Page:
Have you ever stashed away a newspaper article promising yourself that you’ll savor it again another day? I did this with The Need to Read by Will Schwalbe in the Review section of the Wall Street Journal over the Thanksgiving weekend, and came across it again like a pleasant surprise this morning. The subtitle of the essay announces its intent: “Reading books remains one of the best ways to engage with the world, become a better person and understand life’s questions, big and small.”
Schwalbe offers many powerful lines as proof of an instinct, a way to coat ourselves with words that insulate without forcing us into a solitary confinement. While we may read in solitude, multiple voices interact through the cascade of saccades across the page. Excerpts from the essay support our need to read, and to be readers now more than ever.
We overschedule our days and complain constantly about being too busy. We shop endlessly for stuff we don’t need and then feel oppressed by the clutter that surrounds us. We rarely sleep well or enough. We compare our bodies to the artificial ones we see in magazines and our lives to the exaggerated ones we see on television. We watch cooking shows and then eat fast food. We worry ourselves sick and join gyms we don’t visit. We keep up with hundreds of acquaintances but rarely see our best friends. We bombard ourselves with video clips and emails and instant messages. We even interrupt our interruptions.
Connectivity is one of the great blessings of the internet era, and it makes extraordinary things possible. But constant connectivity can be a curse, encouraging the lesser angels of our nature. None of the nine Muses of classical times bore the names Impatience or Distraction.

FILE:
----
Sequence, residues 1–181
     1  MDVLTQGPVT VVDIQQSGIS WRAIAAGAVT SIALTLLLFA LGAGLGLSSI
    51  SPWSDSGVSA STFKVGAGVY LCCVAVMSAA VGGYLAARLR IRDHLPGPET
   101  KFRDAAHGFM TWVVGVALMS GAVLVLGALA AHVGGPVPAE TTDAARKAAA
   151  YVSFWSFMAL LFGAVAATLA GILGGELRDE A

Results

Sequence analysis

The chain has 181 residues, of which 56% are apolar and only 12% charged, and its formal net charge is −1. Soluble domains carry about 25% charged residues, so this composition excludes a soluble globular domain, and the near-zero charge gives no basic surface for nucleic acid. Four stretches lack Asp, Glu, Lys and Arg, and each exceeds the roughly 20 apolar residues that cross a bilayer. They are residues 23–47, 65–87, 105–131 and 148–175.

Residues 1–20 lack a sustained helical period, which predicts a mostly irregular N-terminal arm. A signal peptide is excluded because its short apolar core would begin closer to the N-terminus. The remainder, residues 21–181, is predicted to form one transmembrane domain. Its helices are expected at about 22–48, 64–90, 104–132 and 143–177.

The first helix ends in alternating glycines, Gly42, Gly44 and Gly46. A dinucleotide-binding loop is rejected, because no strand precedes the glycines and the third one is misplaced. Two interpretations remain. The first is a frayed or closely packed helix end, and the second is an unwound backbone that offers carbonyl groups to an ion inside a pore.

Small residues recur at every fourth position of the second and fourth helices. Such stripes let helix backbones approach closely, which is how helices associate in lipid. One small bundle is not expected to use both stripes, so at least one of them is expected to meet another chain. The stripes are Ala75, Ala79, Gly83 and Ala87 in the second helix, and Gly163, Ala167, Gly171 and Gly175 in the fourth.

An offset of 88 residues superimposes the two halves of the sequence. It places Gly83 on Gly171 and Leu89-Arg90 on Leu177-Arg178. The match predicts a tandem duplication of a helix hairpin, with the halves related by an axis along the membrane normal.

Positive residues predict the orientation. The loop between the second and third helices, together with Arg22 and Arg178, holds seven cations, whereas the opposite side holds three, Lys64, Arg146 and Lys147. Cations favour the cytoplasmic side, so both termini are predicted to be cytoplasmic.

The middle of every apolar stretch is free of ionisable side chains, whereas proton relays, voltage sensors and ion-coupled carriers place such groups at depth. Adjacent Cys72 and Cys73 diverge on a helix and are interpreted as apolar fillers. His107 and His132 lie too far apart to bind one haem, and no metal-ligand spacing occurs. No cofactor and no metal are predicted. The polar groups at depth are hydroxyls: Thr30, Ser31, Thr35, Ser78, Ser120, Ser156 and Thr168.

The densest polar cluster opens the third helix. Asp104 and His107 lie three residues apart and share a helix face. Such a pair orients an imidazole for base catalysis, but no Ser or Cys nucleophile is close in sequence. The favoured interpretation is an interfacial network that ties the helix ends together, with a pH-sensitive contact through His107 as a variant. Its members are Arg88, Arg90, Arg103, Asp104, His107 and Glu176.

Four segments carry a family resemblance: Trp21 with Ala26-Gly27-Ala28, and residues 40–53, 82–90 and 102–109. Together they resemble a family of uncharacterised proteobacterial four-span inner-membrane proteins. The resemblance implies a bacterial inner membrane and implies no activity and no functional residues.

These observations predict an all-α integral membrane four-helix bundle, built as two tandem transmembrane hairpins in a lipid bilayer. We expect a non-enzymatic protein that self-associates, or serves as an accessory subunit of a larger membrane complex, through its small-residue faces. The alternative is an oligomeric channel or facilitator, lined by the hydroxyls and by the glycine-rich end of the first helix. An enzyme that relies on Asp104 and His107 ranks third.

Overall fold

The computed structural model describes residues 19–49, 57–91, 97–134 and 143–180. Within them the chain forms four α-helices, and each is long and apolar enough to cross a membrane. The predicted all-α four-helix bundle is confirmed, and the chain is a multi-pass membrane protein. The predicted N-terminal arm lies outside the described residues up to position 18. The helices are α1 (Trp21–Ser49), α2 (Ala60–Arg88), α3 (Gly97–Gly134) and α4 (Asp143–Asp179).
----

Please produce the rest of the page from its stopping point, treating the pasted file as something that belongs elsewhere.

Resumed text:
Books are uniquely suited to helping us change our relationship to the rhythms and habits of daily life in this world of endless connectivity. We can’t interrupt books; we can only interrupt ourselves while reading them. They are the expression of an individual or a group of individuals, not of a hive mind or collective consciousness. They speak to us, thoughtfully, one at a time. They demand our attention. And they demand that we briefly put aside our own beliefs and prejudices and listen to someone else’s. You can rant against a book, scribble in the margin or even chuck it out the window. Still, you won’t change the words on the page.
So I’m on a search—and have been, I now realize, all my life—to find books to help me make sense of the world, to help me become a better person, to help me get my head around the big questions that I have and answer some of the small ones while I’m at it.